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Ontario's Bilingual Electronic Highway Signs Going Colour

News Release

Ontario's Bilingual Electronic Highway Signs Going Colour

Province Keeping Drivers Safe and Reducing Congestion

Ministry of Transportation

Ontario is introducing bilingual, full-colour electronic highway signs that include images to help keep drivers safe and manage traffic conditions. 

The use of colour, along with internationally-recognized images and symbols, with less text on the new signs allows drivers to easily see important road safety information and react to traffic conditions or choose alternate routes.

Twenty-one signs have already been introduced in southern Ontario, including on Highway 401 near Toronto and Pickering, and QEW near Niagara, Burlington and Mississauga, as well as seven signs in northeastern Ontario, on Highway 11 and Highway 17.

Strengthening the province's transportation network is part of the government's economic plan for Ontario. The four-part plan is building Ontario up by investing in people's talents and skills, building new public infrastructure like roads and transit, creating a dynamic, supportive environment where business thrives, and building a secure savings plan so everyone can afford to retire.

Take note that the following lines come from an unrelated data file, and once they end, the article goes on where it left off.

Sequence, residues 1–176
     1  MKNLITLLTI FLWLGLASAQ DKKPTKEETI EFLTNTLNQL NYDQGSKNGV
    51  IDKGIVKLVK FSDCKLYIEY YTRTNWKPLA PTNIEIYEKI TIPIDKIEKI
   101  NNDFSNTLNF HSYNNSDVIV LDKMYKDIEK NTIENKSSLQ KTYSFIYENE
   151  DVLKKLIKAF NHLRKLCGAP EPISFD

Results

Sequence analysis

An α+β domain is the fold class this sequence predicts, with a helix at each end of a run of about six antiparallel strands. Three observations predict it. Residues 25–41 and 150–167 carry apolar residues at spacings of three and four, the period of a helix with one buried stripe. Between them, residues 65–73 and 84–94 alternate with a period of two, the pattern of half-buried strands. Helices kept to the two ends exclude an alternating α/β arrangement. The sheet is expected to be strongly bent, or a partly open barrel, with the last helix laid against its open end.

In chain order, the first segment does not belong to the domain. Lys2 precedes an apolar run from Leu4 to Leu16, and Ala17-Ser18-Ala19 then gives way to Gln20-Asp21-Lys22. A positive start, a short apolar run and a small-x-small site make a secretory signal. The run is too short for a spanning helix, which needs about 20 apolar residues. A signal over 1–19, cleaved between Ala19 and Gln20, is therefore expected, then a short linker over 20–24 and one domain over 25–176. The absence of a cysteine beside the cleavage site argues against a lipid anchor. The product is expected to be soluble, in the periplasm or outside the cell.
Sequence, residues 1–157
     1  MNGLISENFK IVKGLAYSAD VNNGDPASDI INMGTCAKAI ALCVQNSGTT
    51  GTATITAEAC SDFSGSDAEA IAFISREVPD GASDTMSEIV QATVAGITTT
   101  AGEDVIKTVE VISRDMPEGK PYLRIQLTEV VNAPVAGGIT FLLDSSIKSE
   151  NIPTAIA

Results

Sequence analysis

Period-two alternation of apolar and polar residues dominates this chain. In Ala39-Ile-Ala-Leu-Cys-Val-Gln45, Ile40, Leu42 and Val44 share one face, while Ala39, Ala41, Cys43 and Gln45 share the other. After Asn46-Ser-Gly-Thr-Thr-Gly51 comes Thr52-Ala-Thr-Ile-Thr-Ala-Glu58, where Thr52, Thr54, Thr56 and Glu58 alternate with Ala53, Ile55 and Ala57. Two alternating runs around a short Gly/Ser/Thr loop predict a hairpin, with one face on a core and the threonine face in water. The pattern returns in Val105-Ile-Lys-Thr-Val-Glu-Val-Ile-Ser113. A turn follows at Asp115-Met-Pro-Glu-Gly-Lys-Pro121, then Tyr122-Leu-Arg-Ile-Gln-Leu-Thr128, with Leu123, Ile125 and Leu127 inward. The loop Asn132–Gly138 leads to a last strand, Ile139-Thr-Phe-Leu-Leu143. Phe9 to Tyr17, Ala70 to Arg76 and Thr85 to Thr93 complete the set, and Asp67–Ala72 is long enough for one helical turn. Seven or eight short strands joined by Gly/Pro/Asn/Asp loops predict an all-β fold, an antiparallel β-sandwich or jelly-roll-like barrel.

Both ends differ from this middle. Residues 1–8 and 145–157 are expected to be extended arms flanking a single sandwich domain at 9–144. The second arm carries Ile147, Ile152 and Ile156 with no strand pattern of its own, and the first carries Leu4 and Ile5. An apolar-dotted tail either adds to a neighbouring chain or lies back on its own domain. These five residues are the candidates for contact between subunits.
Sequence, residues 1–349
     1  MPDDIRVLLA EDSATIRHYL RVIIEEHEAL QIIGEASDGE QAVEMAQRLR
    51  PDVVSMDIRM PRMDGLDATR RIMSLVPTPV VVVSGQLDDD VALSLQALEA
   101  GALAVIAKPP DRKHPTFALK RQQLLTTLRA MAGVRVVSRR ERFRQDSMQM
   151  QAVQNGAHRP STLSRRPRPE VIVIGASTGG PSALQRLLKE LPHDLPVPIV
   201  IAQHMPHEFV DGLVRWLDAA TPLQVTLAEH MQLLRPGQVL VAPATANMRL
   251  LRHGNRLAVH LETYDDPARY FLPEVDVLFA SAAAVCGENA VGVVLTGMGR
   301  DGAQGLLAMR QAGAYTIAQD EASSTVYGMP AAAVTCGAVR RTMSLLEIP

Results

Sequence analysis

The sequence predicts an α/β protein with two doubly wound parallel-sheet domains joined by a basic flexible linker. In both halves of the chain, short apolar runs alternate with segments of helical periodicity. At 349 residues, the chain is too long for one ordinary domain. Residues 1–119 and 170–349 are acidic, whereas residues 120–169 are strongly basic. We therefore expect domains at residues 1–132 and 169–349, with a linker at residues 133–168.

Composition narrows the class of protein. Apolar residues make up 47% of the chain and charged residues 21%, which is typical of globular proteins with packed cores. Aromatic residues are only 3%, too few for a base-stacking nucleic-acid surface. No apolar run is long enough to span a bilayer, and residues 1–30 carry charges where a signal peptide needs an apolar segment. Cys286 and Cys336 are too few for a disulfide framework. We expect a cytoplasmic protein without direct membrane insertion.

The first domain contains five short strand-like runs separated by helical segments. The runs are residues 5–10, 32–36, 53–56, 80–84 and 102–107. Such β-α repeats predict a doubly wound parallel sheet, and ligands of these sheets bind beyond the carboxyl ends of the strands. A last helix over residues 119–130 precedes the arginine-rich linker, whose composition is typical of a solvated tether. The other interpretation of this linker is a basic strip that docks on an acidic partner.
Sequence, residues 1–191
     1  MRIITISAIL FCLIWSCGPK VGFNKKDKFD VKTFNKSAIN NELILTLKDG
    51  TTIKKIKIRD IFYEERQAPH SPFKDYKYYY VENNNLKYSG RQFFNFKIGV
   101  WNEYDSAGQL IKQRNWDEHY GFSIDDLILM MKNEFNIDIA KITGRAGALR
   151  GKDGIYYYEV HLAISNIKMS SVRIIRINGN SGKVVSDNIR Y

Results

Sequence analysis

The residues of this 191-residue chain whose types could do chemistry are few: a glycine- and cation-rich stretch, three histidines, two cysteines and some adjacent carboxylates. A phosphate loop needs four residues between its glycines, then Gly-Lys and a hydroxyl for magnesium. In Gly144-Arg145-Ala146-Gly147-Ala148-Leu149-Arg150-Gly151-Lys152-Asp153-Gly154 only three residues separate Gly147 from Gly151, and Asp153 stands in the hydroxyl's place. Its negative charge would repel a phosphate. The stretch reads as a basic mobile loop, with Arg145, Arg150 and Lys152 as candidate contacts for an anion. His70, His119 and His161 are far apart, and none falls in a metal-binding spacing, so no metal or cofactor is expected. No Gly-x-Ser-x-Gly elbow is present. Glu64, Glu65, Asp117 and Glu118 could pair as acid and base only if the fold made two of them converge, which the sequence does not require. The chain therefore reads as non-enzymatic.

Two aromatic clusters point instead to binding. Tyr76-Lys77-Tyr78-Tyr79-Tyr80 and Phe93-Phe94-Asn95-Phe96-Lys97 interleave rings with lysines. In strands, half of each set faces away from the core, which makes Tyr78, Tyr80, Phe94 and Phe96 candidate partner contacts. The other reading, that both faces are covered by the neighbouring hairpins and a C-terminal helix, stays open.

Quick Facts

  • The new bilingual signs in French designated areas meet the requirements of the French Language Services Act.
  • The signs are manufactured at Ledstar, an Ontario-based company located in Vaughan that employs 42 people.
  • In total, there are about 50 variable message signs that will gradually transition to the new sign type as they reach the end of their lifecycle.

Additional Resources

Quotes

Steven Del Duca

“Highways are crucial to the province’s economic prosperity and help keep people and businesses moving. The state-of-the-art, bilingual signs with images will help all drivers easily understand road conditions and safety messages. Ontario is taking the next step in keeping our roads safer.”

Steven Del Duca

Minister of Transportation

“This is the first bilingual, image-based signage plan to be delivered provincewide in Canada. Ontario is committed to making important road safety information accessible to all residents, regardless of their spoken language.”

Madeleine Meilleur

Attorney General, Minister Responsible for Francophone Affairs

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